Saying It Isn't Enough, You Have To Do It
It’s a casual, throwaway word in an otherwise benign Facebook post, but it hits me like a jab to the throat. I see his name right there on my very own computer screen, unceremoniously followed by: “feminist”.
It doesn’t all come flooding back at once, like our relationship flashing before my eyes – that would imply that I’d forgotten it, and I haven’t. It’s now been years since the day I ended it, not so much out of strength but exhaustion at being a squashed fly on his windshield for so long. A year and a half together that feels like a decade in retrospect.
How much has changed in those years? He has the same face, the same voice, the same charisma in public. (I know because I saw him at a party last week – the first time I’d seen him in a while.) So how could he have changed so much that he could now qualify as a feminist?
We can claim to be anything we’d like. I could say I’m an Olympic-standard bobsledder and you’d never really know if I was lying because you’d never see it in practice. But it’s still untrue (unfortunately).
I want everyone to be feminist. I want it to be a question to which the answer is: um, duh! But we don’t get there simply by wearing a t-shirt that says “I want all people to have the same opportunity to access all things regardless of race, class, religion, sexual orientation and ethnicity”. Probably because no one could fit that on a t-shirt.
Inclusivity is important. But just like there are criteria for getting onto the Olympic Bobsleigh team (most/all of which I have learned from Cool Runnings), there are criteria for calling yourself a feminist. Unlike the Olympics, it’s very simple. You don’t just say you’re a feminist. You treat people like you’re a feminist. It’s an action.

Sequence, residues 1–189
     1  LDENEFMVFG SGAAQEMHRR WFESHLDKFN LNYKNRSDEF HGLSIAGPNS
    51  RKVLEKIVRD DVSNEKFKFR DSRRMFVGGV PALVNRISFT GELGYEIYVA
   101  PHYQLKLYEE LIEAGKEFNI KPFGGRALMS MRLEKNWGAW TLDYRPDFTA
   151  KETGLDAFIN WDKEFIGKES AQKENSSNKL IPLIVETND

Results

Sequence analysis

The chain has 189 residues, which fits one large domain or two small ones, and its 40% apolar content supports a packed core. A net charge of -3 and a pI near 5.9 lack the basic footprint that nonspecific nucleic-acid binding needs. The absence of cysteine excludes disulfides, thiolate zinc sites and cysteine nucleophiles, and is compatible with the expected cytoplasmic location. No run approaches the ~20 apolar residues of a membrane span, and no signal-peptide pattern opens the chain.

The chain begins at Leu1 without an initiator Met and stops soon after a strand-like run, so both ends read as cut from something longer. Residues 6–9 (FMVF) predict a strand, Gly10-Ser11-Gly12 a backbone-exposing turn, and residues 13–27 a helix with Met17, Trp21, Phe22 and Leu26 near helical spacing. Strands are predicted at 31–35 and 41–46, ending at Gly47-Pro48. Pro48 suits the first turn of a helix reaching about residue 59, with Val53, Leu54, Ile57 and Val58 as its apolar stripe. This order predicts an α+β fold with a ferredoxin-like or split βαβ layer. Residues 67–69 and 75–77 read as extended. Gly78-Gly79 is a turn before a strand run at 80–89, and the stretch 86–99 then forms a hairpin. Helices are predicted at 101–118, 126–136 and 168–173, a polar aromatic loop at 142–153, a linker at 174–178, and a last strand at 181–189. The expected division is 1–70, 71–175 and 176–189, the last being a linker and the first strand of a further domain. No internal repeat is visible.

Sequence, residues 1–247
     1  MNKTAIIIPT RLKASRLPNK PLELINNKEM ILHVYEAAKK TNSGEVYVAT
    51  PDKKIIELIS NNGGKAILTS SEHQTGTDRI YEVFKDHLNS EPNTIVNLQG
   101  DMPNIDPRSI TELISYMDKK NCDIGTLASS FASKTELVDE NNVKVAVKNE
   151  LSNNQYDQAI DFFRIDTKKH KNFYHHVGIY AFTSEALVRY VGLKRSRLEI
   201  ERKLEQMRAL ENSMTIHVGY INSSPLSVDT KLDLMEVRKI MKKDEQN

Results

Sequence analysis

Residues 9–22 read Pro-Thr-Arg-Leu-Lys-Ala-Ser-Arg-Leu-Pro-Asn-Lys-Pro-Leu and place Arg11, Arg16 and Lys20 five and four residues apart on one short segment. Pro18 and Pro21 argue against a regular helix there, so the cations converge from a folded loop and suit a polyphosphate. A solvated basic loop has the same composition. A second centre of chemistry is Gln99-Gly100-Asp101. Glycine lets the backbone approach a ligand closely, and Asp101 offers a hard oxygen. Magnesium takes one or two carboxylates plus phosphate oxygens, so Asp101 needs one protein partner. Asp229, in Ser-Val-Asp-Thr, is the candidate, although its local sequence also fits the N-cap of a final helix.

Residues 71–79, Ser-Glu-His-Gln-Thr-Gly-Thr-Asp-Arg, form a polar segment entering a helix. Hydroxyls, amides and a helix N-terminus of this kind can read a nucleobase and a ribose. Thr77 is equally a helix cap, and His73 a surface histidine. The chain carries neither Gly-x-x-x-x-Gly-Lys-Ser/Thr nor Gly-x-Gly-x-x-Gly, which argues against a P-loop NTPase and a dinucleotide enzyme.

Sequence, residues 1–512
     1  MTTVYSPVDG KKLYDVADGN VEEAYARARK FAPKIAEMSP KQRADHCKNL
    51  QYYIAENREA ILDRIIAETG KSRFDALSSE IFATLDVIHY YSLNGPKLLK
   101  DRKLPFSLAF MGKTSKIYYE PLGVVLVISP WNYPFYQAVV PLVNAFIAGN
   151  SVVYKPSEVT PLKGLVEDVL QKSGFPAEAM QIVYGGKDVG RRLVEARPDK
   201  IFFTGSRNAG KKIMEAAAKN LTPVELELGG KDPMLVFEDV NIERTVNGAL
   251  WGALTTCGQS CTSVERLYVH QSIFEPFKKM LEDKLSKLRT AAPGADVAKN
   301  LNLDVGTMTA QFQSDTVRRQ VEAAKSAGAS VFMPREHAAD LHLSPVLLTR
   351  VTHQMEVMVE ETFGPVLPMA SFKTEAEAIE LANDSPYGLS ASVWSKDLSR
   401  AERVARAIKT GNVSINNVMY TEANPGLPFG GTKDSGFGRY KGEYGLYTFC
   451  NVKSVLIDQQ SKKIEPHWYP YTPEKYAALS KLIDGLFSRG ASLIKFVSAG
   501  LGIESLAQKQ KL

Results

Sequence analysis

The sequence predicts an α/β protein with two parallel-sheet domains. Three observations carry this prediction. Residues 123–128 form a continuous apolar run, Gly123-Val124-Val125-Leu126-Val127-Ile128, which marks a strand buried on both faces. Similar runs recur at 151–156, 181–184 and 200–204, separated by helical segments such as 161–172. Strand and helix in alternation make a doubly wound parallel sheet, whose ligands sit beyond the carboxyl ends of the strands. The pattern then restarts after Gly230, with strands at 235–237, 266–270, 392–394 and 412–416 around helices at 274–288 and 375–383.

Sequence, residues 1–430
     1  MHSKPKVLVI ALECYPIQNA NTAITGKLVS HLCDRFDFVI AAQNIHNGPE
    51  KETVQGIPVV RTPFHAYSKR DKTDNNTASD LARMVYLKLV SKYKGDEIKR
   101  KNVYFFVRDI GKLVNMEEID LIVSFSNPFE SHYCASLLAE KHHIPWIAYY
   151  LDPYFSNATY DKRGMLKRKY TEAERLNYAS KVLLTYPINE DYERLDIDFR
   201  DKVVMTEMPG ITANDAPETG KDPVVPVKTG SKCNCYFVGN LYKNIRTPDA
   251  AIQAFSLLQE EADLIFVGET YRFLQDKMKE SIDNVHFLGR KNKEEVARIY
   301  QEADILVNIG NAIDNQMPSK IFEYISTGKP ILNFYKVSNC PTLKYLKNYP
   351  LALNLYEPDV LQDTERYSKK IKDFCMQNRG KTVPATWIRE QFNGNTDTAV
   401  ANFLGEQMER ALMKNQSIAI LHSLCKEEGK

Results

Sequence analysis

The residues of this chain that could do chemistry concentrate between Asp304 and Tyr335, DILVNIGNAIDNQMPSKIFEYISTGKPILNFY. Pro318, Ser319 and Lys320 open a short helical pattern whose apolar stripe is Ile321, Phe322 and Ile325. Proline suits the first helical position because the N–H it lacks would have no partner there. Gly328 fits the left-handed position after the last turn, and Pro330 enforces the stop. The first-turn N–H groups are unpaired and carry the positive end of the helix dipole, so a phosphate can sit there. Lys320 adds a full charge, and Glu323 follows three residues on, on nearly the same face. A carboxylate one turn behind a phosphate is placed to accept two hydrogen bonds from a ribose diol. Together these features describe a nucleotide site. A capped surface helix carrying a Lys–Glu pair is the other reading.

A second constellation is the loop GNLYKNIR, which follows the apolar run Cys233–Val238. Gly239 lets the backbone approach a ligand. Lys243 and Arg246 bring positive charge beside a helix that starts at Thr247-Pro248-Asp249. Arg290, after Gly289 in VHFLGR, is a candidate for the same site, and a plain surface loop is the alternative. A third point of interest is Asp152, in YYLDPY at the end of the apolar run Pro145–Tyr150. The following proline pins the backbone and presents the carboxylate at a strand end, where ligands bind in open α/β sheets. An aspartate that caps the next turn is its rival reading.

The reason I was so affected when I saw my ex-boyfriend’s name and “feminist” in the same place was that he took my feminism away from me.
The independent spirit that I had grown up with, the extent to which I enjoyed my own company, the feeling that I could achieve anything if I put my mind to it – this was what my 20 year old self felt.
All of that was replaced with the fear that wearing that dress would attract the attention of people I wasn’t allowed to speak to (any other men), the fear that accepting a gift would put me in an emotional debt I would never be able to repay, or the fear of always being one beer away from hours of verbal spite and public humiliation.
I, a confident, nowhere-close-to-rich woman, had inadvertently entered into a power struggle with an insecure, rich man. The relationship was a battle in which I surrendered my autonomy in favour of peace – if you can have peace in a dictatorship.
When I eventually ended it after reaching the edge of my sanity, I was left with lasting damage. The outcome was that I was no longer confident, but he was still rich and, probably, insecure – he lost nothing, and I lost a part of me that I had spent so long building.
It took me years to regain it with the help of some wonderful old friends who stuck by me and a load of new ones, and I did – I got it back. It hasn’t made me a stronger person; he isn’t entitled to that satisfaction. I am where I am now in spite of him.
Identifying as a feminist is a much needed step forward, and the last thing I want is for it to be an exclusive club that people are too scared to enter. But there are entry requirements: Using a relationship as a means to exert power over a woman negates any claim you make to the word.
Perhaps he’s changed, you say. Perhaps he has and perhaps I could give him the benefit of the doubt if he had tried to make amends or own up to his mistakes.
There is a reason “feminist” is something we ARE. We don’t show feminism or follow feminism. We embody it as a part of ourselves and we take action based on that. You can’t say it and mean it if you do not do it.
He’ll probably never know, but I’m not letting him have it. If I can’t deny him his own use of the word, I can at least deny him the satisfaction of taking my feminism from me.
Article by Zoe Rachael